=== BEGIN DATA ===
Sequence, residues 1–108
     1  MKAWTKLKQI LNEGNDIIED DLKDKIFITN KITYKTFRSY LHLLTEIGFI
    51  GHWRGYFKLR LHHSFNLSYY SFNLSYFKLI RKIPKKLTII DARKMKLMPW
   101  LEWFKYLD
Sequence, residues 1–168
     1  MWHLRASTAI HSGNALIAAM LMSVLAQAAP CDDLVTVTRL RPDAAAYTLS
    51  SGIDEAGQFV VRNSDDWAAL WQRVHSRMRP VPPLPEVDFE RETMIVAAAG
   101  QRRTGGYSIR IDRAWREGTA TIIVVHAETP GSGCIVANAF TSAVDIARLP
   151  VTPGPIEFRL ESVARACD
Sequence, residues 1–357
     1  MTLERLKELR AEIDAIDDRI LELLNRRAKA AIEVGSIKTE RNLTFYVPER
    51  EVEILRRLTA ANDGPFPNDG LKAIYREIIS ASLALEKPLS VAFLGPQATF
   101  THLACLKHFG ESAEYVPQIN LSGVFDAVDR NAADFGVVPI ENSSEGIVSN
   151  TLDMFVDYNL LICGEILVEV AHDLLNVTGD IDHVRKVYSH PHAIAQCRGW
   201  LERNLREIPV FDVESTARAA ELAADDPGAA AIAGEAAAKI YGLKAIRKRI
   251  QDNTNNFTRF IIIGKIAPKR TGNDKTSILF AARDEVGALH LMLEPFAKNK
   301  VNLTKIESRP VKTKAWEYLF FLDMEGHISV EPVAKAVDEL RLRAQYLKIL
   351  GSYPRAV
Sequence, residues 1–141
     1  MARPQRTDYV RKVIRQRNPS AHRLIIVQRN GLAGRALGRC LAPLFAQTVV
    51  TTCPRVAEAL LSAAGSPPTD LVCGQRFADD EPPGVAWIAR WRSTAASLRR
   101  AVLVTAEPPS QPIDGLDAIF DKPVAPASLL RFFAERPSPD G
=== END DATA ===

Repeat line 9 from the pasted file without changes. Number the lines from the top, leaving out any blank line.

   151  VTPGPIEFRL ESVARACD